Prior to his original negotiations with the clinic, Dr. Spear had never heard of the City of Rockford, Illinois. During his negotiations, the partners told him of their plans to construct a new building to house the clinic. Within six months after signing his second contract, Dr. Spear notified two of the partners of his intention to leave the clinic and gave as his reason the fact that their building plans had been unavoidably delayed. Dr. Spear stated that he felt this delay presented a serious obstacle to his growth at a very crucial time in his practice.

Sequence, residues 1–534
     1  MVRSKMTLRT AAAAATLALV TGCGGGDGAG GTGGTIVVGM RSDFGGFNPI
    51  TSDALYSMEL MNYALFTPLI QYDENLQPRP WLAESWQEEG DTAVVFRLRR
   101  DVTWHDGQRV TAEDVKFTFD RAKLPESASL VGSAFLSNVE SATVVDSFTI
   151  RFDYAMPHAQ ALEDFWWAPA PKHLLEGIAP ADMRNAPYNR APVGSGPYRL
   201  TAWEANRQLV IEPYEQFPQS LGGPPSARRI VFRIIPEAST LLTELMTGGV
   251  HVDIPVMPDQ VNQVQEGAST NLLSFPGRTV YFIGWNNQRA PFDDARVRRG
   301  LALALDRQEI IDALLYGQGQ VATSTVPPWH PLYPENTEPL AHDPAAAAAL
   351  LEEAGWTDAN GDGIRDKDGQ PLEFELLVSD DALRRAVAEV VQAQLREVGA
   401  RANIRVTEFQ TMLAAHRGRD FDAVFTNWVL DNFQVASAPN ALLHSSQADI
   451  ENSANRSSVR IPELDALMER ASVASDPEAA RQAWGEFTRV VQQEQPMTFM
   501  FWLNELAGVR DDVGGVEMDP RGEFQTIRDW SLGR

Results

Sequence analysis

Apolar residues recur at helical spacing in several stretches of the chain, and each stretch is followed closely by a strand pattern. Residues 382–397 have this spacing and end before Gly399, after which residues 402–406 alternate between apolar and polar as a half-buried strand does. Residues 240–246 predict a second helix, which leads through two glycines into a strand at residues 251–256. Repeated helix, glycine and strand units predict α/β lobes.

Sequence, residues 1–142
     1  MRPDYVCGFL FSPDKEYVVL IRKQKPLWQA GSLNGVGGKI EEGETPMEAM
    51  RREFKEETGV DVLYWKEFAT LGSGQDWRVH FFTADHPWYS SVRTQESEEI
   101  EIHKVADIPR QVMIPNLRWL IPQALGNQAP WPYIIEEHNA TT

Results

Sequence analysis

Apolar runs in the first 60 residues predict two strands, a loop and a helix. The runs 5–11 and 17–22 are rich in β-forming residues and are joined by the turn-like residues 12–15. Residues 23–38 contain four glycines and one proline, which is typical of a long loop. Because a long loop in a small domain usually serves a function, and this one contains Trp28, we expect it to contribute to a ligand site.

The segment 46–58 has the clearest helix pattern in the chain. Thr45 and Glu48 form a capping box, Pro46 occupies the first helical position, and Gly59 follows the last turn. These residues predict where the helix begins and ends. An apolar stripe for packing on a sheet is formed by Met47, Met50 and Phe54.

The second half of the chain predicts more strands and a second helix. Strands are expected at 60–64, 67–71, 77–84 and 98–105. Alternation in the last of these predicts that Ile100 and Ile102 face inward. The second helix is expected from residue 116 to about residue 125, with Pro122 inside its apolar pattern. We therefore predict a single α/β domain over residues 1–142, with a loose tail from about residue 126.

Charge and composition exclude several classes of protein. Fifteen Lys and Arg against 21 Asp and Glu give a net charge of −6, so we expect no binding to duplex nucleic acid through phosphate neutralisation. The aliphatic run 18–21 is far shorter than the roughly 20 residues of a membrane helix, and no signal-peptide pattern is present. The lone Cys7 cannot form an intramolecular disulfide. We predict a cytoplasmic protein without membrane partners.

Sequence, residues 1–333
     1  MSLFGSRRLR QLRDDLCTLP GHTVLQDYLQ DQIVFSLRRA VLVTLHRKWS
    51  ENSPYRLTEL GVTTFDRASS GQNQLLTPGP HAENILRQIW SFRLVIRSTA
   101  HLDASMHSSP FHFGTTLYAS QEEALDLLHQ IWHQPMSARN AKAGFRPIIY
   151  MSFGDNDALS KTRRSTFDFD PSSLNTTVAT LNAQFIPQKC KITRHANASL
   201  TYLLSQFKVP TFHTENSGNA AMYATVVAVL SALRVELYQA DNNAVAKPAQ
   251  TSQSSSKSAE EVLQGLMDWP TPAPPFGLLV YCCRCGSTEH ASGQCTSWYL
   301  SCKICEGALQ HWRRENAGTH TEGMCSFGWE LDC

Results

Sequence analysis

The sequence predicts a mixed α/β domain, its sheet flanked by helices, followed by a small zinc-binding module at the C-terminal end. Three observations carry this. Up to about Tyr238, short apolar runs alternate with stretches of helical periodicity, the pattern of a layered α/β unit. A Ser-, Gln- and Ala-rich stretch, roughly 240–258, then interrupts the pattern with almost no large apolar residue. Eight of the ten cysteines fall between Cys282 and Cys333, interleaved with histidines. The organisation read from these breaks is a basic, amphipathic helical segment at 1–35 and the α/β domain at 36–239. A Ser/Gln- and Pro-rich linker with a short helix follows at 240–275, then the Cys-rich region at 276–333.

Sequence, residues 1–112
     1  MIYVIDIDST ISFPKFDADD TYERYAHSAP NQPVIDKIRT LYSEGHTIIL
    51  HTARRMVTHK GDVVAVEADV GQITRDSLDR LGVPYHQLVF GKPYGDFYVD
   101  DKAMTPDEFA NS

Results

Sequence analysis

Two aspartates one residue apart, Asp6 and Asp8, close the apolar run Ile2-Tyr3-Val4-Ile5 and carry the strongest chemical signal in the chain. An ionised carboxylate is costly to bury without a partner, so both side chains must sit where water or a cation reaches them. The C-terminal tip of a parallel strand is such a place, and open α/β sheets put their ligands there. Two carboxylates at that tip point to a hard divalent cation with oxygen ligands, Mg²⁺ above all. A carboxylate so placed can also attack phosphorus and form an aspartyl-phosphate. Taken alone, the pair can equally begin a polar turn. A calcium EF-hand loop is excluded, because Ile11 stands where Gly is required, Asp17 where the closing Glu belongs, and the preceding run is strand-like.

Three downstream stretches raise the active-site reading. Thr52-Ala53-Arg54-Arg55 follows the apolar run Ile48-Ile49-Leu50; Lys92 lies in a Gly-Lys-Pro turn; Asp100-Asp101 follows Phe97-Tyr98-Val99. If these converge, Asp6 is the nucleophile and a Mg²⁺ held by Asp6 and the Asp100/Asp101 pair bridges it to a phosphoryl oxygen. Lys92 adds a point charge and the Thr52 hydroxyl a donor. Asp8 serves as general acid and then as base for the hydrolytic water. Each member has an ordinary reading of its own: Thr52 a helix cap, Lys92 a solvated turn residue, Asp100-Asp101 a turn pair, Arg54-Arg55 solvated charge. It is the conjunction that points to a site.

Plaintiffs rely heavily upon such cases as Hicklin v. O'Brien, 11 Ill. App.2d 541, 138 N.E.2d 47, wherein a lawyer, after selling his practice in Winnebago County, was enjoined from practicing in competition with the purchaser in that county for a reasonable period, and Bauer v. Sawyer, 8 Ill.2d 351, 134 N.E.2d 329, wherein defendant, a partner in a medical practice, agreed not to practice within Kankakee for a period of five years upon his withdrawal from the partnership and upon his withdrawal the court enforced the restrictive covenant contained in the partnership agreement. Other cases in which the court has enforced a restrictive covenant are Hursen v. Gavin, 162 Ill. 377, 44 NE 735, Ryan v. Hamilton, 205 Ill. 191, 68 N.E. 781, and Storer v. Brock, 351 Ill. 643, 184 N.E. 868.